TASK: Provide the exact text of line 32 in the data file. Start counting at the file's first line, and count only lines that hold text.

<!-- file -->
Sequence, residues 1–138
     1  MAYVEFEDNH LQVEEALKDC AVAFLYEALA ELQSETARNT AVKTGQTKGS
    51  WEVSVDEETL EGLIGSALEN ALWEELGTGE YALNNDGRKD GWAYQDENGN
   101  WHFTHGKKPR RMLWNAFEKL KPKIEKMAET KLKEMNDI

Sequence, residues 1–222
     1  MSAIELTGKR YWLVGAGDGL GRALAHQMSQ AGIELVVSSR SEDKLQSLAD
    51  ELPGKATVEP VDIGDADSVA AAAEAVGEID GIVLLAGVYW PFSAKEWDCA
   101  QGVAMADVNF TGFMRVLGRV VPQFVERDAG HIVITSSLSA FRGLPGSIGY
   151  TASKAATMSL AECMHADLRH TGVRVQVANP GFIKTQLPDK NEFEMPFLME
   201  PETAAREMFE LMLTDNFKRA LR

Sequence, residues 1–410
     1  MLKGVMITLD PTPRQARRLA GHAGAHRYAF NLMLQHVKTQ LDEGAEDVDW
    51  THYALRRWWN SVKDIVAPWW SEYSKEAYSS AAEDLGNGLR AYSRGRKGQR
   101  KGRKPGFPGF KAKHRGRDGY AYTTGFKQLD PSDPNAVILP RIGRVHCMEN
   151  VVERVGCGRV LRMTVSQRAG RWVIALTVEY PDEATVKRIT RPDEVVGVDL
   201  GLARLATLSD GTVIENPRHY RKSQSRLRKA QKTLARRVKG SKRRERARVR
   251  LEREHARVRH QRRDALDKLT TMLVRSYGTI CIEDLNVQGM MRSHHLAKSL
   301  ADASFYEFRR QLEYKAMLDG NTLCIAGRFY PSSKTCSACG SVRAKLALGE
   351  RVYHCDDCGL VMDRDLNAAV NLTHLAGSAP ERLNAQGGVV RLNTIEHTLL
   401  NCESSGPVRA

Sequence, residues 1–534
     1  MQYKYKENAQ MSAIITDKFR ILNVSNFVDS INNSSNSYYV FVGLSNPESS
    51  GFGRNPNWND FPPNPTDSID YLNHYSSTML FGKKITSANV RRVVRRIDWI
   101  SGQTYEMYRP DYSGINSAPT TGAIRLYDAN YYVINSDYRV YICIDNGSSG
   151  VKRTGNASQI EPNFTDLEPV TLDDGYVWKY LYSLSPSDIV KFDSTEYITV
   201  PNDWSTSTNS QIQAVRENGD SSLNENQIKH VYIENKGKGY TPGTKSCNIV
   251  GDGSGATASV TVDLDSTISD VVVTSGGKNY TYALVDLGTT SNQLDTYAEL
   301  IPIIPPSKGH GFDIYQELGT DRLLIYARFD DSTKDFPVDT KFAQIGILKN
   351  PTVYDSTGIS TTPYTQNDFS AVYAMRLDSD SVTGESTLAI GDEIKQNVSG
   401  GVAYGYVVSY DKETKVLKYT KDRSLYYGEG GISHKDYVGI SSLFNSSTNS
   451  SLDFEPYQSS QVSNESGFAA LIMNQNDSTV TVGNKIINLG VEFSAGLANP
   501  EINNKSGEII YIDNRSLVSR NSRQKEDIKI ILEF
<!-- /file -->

   501  EINNKSGEII YIDNRSLVSR NSRQKEDIKI ILEF